Usually, it's hard to see how these systems help you without deliberately trying to crash. But the head-up display shows its use from the moment you turn on the engine. Instead of looking down at the navigation system or the speedometer, you can keep both eyes on the road at all times.
Volkswagen didn't reinvent the wheel here. All premium German automakers offer this feature. Even the Mazda6 sedan added one after the 2015 mid-life facelift. However, the 2015 Passat is the first VW model available with the system.
Don't think it comes for free, as the head-up system costs €560 on the Passat Saloon, Passat Variant, Passat Alltrack and Passat GTE.
Let's geek out over the finer details before we check out how Volkswagen tries to promote the system. The thin glass display rises from the dash right behind the speedometer binnacle. It measures 10 by 15 centimeters (about 4 by 6 inches) and features a decent resolution of 480 x 240 pixels.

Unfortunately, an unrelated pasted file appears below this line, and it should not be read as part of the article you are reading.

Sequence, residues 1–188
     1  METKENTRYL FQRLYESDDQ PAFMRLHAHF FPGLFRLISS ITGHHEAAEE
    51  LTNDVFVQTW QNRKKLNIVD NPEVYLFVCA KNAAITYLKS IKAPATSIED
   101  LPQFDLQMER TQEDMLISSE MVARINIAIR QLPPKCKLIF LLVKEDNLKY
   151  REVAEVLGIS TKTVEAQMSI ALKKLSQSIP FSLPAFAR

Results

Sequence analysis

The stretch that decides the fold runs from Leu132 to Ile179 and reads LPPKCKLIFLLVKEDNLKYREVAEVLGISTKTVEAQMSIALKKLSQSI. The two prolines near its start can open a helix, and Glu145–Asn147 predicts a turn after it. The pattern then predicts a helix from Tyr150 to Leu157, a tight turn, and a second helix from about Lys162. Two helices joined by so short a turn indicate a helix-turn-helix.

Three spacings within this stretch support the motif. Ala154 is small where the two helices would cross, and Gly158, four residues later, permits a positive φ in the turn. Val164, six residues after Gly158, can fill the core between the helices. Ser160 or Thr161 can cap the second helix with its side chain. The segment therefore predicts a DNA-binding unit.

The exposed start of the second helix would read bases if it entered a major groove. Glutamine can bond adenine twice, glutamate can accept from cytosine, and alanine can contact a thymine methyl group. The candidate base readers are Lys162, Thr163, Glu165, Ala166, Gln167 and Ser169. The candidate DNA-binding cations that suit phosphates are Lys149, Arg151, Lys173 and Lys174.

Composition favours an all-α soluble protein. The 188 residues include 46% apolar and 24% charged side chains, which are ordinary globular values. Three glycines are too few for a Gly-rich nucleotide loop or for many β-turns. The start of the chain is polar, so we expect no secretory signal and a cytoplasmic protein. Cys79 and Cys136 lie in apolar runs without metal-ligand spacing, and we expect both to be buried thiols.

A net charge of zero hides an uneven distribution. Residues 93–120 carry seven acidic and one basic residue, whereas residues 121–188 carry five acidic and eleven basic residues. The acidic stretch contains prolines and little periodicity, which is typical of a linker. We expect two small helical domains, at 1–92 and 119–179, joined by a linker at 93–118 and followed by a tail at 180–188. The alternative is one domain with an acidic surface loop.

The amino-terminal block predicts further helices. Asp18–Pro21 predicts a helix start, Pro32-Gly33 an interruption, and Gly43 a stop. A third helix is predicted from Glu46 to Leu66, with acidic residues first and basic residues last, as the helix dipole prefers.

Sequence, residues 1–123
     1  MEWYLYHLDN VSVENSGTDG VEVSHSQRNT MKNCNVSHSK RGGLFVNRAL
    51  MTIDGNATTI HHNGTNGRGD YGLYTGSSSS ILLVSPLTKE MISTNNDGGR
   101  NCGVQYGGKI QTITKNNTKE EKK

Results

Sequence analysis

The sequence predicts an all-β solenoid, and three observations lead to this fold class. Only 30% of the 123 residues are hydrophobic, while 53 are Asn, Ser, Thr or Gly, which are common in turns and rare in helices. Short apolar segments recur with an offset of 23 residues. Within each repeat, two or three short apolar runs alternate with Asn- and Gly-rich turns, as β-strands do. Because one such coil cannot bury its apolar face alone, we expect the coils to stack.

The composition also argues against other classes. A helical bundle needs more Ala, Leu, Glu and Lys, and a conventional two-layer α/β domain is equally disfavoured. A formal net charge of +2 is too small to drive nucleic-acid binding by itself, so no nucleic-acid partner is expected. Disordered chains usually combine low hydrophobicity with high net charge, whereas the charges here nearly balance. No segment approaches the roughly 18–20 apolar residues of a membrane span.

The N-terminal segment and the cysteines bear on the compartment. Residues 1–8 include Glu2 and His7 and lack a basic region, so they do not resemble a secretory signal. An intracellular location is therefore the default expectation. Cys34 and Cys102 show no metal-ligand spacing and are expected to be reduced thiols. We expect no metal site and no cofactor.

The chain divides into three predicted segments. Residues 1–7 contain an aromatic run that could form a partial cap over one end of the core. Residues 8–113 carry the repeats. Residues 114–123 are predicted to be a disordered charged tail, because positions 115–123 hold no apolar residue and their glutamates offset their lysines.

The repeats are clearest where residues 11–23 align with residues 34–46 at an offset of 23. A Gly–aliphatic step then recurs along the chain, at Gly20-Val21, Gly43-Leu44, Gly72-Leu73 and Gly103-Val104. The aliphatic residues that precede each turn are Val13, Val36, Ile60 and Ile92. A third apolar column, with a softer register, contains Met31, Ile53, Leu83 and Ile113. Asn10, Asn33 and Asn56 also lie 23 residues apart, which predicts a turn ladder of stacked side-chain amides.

The head-up displays speed, traffic signs and can also be configured to show navigation data or alerts. Volkswagen claims the screen is set in such a way, so the numbers appear to be two meters in front of the driver. Also, the driver's eyes do not need to refocus so often from far-field to near-field vision, which is crucial for older drivers.
Using the infotainment menus, the driver decides which three items of information are displayed. The head-up display is activated by a separate control next to the rotary light switch and retracts into the dash when not in use.